Incubation and renovation (fungi project updates)

Suddenly everything is moving along with the fungi farm project and the pace is quick. The buckets are already nearly boiling over with vigorously growing mycelium. The past two and a half weeks they have been incubating in the basement and spreading fast through the straw. By about the time all of the straw is colonized you can start the next phase where you provoke them to fruit. Our buckets are basically ready to go right now, but they’ll have to wait a little bit longer until we’re ready for them.

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Oyster mushroom mycelium is incubated for several weeks in a dark still space. During this time the straw is completely colonized by the fungi and it appears to be white and fuzzy.

The old walk in cooler we’re retrofitting isn’t able to handle the high humidity conditions we’re going to need to expose it to quite yet.  Humidity is important throughout the this process because it promotes mushrooms to begin growth and helps prevent caps from cracking. When we’re ready we’ll turn up the lights and airflow in tandem with the humidty in an attempt to convince the fungi to produce mushrooms. The light and higher oxygen mimic the conditions outside. When a growing mycelial network encounters these conditions it ‘knows it’ and will often produce mushroom here as its spores will have better opportunities to spread further distances in the open air.

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Osiris and Martin work filling cracks in the walk-in cooler in order to waterproof the walls and floor to prevent damage to the historic structure.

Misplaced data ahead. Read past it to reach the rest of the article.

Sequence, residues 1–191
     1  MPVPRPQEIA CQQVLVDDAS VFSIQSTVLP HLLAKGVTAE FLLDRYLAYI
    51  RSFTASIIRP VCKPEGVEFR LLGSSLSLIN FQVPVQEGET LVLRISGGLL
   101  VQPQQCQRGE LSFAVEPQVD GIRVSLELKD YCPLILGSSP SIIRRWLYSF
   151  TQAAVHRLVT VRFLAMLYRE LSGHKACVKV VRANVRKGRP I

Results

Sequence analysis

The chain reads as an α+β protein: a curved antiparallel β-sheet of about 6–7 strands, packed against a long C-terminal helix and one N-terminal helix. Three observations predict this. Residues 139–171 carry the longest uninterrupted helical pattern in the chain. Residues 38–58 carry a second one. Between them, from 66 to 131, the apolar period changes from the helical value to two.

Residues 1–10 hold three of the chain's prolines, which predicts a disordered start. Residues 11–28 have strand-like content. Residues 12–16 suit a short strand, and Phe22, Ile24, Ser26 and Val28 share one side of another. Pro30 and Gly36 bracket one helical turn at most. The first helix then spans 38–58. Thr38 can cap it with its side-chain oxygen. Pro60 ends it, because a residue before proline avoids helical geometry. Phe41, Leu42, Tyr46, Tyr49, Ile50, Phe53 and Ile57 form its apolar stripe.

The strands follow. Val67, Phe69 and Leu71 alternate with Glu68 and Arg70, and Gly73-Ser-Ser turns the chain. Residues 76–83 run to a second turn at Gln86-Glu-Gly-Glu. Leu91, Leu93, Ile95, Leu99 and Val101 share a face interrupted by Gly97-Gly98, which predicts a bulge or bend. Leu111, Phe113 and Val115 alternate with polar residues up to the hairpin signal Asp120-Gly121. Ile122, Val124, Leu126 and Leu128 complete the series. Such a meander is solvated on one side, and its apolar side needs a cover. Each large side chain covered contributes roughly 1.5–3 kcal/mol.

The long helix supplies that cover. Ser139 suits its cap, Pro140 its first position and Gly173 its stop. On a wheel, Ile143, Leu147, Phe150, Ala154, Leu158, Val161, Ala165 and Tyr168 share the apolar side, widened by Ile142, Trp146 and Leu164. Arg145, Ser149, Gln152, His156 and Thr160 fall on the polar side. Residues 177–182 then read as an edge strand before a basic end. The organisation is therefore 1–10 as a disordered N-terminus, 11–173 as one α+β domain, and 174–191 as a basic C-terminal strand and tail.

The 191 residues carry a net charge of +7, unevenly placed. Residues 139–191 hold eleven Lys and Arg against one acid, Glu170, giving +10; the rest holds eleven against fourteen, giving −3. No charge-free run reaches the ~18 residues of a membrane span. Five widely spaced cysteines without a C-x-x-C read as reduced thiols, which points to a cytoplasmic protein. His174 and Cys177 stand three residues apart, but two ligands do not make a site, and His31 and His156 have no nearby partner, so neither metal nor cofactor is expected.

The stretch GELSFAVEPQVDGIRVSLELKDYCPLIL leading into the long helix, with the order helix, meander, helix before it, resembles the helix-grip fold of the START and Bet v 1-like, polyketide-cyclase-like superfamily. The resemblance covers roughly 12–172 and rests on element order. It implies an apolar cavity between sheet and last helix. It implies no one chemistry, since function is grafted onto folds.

The room is in the process of being painted and waterproofed. We’ll be coating cracks with putty and paint, then coating this layer with low VOC polyurethane to prevent water getting into the already aged wood walls. Finally a durable tarp will cover the walls to prevent water from collecting anywhere on the surface of the walls or floors and generally protect the wood from damage. After that we can begin hooking up our homemade humidifier and the other sensors we will have controlling the environment inside the room. Both of which we will describe further in future posts. Until then we’ve got some painting to do…

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The first coat of paint is on. We still have more painting to do, waterproofing and hanging up tarp material to physically protect against water and damage to the walls.

Tomorrow, Tuesday the fifth, Osiris and Martin are going to be preparing the next batch of buckets by pasteurizing more straw and hosting a workshop of sorts. This working conversation will focus on the role of mushrooms in ecosystems and food systems while walking through a low-tech process of preparing growing media for mushroom cultivation. Feel free to join us from 6-7pm tomorrow at the farm building (3957 42nd ave S, mpls, mn).

As always, thanks for reading

-martin

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Categories: Farm Update

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